Introduction: Continuos Rotation RC Servo
Here is how I converted an rc servo for continuos motion. I will use two of these servos as the main drive train for an upcoming little robot.
RC servos can be regarded as two main types, analog servos and digital servos, the ones modified in this instructable are of the analog type, I don't know if the process applies to digital ones too. The working principle of these servos is based on a variable resistor that senses the angular position of the main gear and tells to the control circuit when to stop to power the servo motor. The main mod we will do is to break the link between the resistor and the main gear so that when the servo receives a signal to rotate in some direction it will never stopto rotate until a new middle position signal will be received. The way the resistor and the gear are linked can vary from one servo to another so you should be creative based on your particular servo, in some case there could be a shaft that must be shortened or cut away.
The servo I will describe in this tutorial is a cheap 25g one, it has plastic gear train and dual ball bearing, I think it is the reasonable size for my next project, smaller ones can be tricky to mod and have less power for your needs.
Step 1: Open the Servo
Most servos can be opend by removing 4 long screws from their base, they hold both the lower cover and the upper gearbox, in most cases we wont mod the control circuit so it's better we don't move a lot the little wires on bottom side.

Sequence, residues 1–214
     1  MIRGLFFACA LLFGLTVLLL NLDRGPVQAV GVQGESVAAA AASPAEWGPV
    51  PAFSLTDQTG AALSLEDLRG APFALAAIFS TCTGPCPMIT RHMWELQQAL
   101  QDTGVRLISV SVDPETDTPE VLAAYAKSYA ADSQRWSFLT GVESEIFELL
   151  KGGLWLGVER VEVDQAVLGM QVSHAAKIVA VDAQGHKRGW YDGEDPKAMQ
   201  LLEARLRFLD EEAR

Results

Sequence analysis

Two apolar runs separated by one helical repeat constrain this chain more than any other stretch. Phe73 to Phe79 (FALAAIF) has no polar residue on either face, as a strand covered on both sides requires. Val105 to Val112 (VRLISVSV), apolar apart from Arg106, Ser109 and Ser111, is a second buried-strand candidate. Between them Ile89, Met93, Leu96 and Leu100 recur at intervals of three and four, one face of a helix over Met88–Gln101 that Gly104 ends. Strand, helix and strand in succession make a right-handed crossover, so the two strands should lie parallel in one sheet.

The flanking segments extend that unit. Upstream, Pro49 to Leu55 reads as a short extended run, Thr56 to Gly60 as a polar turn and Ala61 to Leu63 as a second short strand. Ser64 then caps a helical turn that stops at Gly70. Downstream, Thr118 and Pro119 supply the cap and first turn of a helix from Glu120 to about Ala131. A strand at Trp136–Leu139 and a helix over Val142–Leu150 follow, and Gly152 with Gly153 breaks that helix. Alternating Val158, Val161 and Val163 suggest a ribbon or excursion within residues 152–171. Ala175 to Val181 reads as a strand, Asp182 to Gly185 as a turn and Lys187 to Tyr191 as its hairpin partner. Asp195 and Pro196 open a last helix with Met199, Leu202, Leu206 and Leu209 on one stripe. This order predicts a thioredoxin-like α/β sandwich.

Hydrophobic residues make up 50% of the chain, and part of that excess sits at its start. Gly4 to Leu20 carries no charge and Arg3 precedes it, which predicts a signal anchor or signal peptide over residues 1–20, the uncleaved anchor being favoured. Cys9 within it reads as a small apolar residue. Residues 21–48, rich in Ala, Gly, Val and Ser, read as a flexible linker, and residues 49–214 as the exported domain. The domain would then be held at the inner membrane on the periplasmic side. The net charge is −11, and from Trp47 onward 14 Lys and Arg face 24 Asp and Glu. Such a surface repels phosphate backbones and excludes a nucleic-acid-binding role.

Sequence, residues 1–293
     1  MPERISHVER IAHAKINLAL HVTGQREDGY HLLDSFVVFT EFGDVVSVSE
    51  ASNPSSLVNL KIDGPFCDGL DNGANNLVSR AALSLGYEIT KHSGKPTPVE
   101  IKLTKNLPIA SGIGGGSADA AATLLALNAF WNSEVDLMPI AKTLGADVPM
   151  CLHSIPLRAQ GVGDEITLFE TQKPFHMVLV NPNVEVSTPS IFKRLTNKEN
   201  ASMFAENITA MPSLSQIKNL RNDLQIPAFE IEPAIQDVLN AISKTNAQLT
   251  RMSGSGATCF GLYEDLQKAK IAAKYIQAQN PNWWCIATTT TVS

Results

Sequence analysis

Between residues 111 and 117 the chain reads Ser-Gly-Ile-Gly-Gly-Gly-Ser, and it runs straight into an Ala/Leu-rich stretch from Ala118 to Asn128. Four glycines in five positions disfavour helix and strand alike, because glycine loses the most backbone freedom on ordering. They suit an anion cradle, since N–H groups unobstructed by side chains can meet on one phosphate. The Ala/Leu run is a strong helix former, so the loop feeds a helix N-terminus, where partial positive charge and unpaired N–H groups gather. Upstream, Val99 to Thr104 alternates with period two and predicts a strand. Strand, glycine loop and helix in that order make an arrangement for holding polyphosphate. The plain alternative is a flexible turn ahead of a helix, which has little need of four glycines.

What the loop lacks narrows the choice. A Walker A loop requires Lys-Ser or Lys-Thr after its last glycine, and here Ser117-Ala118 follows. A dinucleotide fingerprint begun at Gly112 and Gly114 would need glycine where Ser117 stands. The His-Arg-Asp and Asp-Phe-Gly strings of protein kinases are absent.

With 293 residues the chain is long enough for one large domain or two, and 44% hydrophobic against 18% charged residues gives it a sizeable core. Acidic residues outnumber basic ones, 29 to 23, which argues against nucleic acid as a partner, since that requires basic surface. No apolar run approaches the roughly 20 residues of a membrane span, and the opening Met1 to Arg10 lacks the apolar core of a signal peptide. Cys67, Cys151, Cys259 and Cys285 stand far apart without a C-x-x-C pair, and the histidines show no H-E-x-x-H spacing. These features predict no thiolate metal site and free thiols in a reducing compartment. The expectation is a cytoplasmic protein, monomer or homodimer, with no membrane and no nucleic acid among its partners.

Here is how appears the inside of the upper gearbox, you can see that some gears are still on the servo base and some others went with the gear box, you should take note of every gear position if you want to put them all together and have a fully working servo.
You can also see one of the bearings into the gearbox and the main gear on the left on top of the base.
Step 2: Unlink the Variable Resistor
At this point you can carefully take away the main gear, in some cases you can help with a flat screwdriver.
With great surprise I found that there is no shaft linking the gear and the resistor but only that little white plastic stuff, don't know how to name it... The resistor mod is just a matter of removing it. After that you can see the lower bearing.
You should also set the resistor for its middle position, this will be the position the servo will not rotate. in my case I could simply align the resistor handle along the servo body, see the white line. Someone removes the variable resistor for two fixed resistor but I don't want to do any mod to the electronics, I will leave with a little possible error and than correct it trimming the middle position from the software.
Step 3: Check the Gear
No one gives you something for nothing, I found a bigger problem on the gear. Since these servos are made to rotate at most for a fraction of turn, they can have some way to prevent them from turning more than needed. You can see a little teeth that will stop on a corresponding on the case. But and in this case there are also some teeth missing or more in detail it misses the space between two teeth!!
Depending on every particular servo you should be really creative in modding gears like these.
I used a thin cut-off wheel with my dremel and a magnifying glass to shape the space between the missing teeth.
This operation is a little delicate but not impossible to do, the shape should allow the corresponding teeth from the pinion to work correctly but fortunately some degree of error should be forgiven. The servo could become a little noisy but should work fine.
At the end I cut out the limit teeth on the upper side, this last one is a more easy operation.
In the last photo you can see the final shape of the main gear.